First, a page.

A glimpse of Greenfield’s future
Crowd shares ideas during Master Plan session
David Sheilds and Karen Shapiro-Miller of Greenfield discuss some of the ideas they talked about with Susan Nichols of Vannasse Hangen Brustlin on issues of natural and cultural resources of Greenfield during Saturday’s Master Plan Workshop at the Four Rivers School.
Ralph Willmer of Vannasse Hangen Brustlin Inc. facilitates a discussion of housing and land use at Saturday’s Master Plan Community Workshop event held at the Four Rivers School. At left is Pam Kinsmith, who wrote ideas on the board as people voiced them.
GREENFIELD — What’s the future of Greenfield, and how do we get there?
A crowd of about 100 convened at Four Rivers Charter Public School on Saturday to share their visions for the community, in a forum to kick off Greenfield’s new 10-year sustainable master plan.
Many of those in attendance will one day inherit the county’s shire town; many there were in their 20s and 30s, and a few children even accompanied their parents.
The day started with an overview of the master plan process, and a quick survey on a few areas that the plan will cover, like housing, economic development, renewable energy, transportation, and environmental issues.
Afterward, people had the option of attending workshops on five different areas of the plan, held in four sessions, or going to broader conversations on the town’s history, possible future and present. The over-arching subject: How can Greenfield thrive?
“I meet a lot of younger people who have so many great ideas, and just need some help to get there,” said Wisty Rorabacher, in a workshop on economic development.
She said she has talked to several 30-to-45-year-olds, who have great entrepreneurial ideas, but just need a bit of help to get the ball rolling. With the right support, she said, those ideas could grow into small businesses, which could grow larger.
Rorabacher said this would create more jobs, rather than having already-established companies, which may not care about the community as much as someone who gets their start here.
The rest of the group agreed that the area is in dire need of jobs. Many feel that more available, well-paying jobs would keep more young people from having to leave home in search of a living.
They also saw room for improvement in all of the town’s vacant lots, empty storefronts, and distressed properties like the First National Bank and Trust and the former Lunt Silversmiths.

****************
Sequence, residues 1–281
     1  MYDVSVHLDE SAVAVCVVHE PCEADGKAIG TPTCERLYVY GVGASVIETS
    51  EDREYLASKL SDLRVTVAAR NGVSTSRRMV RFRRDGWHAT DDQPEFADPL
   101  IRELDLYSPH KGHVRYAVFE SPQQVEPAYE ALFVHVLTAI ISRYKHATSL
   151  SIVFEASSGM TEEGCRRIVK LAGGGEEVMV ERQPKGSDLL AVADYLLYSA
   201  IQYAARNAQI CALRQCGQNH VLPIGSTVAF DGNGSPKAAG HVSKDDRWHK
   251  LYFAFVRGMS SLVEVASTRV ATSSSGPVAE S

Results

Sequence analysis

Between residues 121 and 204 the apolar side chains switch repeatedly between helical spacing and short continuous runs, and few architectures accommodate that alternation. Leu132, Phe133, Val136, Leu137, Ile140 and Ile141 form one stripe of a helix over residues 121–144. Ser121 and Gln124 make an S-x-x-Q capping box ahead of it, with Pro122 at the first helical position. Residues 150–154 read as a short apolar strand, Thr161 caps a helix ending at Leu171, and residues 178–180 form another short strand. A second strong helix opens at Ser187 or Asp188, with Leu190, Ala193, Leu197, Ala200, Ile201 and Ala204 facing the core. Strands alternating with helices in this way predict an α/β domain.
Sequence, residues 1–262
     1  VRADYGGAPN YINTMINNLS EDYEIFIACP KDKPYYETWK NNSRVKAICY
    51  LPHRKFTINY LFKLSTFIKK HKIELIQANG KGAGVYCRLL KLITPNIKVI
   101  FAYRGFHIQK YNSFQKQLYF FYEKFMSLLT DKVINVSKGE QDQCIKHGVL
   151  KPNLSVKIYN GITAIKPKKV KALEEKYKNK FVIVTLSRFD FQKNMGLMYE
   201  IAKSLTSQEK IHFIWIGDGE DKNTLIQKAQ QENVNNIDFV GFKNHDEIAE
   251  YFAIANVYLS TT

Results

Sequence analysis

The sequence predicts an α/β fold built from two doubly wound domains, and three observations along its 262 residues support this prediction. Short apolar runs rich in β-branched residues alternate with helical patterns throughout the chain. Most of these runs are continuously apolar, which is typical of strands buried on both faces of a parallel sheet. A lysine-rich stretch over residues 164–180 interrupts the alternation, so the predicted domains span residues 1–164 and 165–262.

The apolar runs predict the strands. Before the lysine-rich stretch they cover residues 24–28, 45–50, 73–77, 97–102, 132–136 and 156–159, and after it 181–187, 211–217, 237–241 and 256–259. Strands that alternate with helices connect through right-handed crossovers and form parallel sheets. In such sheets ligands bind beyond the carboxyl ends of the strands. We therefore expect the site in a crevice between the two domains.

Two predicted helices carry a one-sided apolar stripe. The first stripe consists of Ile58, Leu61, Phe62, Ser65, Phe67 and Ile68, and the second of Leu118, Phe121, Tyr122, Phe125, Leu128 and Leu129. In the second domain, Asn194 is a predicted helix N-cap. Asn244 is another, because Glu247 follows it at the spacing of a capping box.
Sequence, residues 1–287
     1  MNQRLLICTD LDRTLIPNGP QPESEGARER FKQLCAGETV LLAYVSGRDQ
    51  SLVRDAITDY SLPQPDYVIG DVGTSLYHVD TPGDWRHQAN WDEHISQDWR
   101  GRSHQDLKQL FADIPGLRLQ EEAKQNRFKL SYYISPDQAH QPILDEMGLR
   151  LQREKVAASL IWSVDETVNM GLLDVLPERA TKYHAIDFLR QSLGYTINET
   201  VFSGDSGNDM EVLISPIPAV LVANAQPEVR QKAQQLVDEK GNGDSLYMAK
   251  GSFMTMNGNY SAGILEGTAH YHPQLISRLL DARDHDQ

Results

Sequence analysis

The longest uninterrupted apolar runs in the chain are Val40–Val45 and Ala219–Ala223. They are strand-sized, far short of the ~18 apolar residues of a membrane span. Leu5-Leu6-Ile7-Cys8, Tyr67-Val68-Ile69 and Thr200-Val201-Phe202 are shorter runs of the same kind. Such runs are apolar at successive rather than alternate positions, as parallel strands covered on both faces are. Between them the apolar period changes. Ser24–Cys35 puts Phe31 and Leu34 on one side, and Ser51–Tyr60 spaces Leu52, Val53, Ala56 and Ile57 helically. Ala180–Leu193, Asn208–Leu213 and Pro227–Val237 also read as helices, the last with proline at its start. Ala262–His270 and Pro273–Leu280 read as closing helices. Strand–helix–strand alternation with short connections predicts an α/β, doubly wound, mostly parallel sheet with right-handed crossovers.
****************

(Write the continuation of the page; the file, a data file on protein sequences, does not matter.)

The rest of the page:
Some felt downtown could be revitalized by mixing business and pleasure. The idea of in-filling spots between shops with recreational features like bocce or basketball courts came up.
Several at the forum advocated for a new skateboard park in town, which they said would give teens a positive, safe place to skate, and provide a destination. While parents wait for their skating kids, said Francesca Passiglia, they’re likely to squeeze in some shopping or stop by a local restaurant.
“It would get kids involved, and give them pride and a sense of community,” said Passiglia.
Another attraction could be a children’s museum, said some in a workshop on natural and cultural resources.
“We need more common spaces and annual community events to bring out the spirit of the town,” said Ginevra Bucklin-Lane. “I always feel like I don’t know where to go, or what to do.”
Many at the forum were in favor of large events, as well as a possible performing arts venue. Other ideas were to capitalize on the town’s rivers and forests, focusing on eco-tourism, like fishing and hiking destinations.
Others felt that there’s not enough publicity or communication of the many events that do happen. Often, they said, people miss out on things to do because there’s not a “one-stop shop” where people can find out about all the local happenings.
A workshop on transportation heard from numerous people who want to see more public transit. The prospect of high-speed rail to points east and south was of particular interest.
Others wanted to promote bike and foot travel, with more bike lanes, and connections between area bike paths.
At a renewable energy workshop, some residents wished there were more unbiased informational events on controversial renewables like wind, solar and hydroelectric power.
Town Councilor Mark Wisniewski said he’s proud of the town’s as-of-right siting that allows solar panels to be installed on the roofs of any pre-existing structures.
Large-scale solar, however, is another animal. Wisniewski said ground-mounted solar arrays come with a trade off — they take up open space that could be used for farming. The key, he said, is striking the right balance between the two.
Farm land is a vital resource to the Pioneer Valley, according to the folks at a workshop on land-use and housing.
However, there was some “open space” where they’d like to see some development. Vacant lots and contaminated brownfields could be used for things like community gardens, they said.
Others wanted to re-examine the area’s housing situation. Some were concerned with the “inadaptiblity” of some older homes, which often housed families much larger than today’s. Repurposing those homes into apartments can be costly.
Area resident John Bailey suggested setting up housing that includes studio or work space, for the ambitious entrepreneurs who don’t have the money for an apartment and a workspace.
Once the workshops were done, everyone reconvened to hear what the other groups had come up with.
There will be two more communitywide forums as the plan progresses, where the consultant crew, Vanasse Hangen Brustlin Inc., will share their findings.
Many at the meeting wished there were forums like Saturday’s every weekend, where the community could come together as a whole and discuss their ideas.
For more on the developing master plan, visit www.greenfieldmasterplan.com.
David Rainville can be reached at:
or 413-772-0261, ext. 279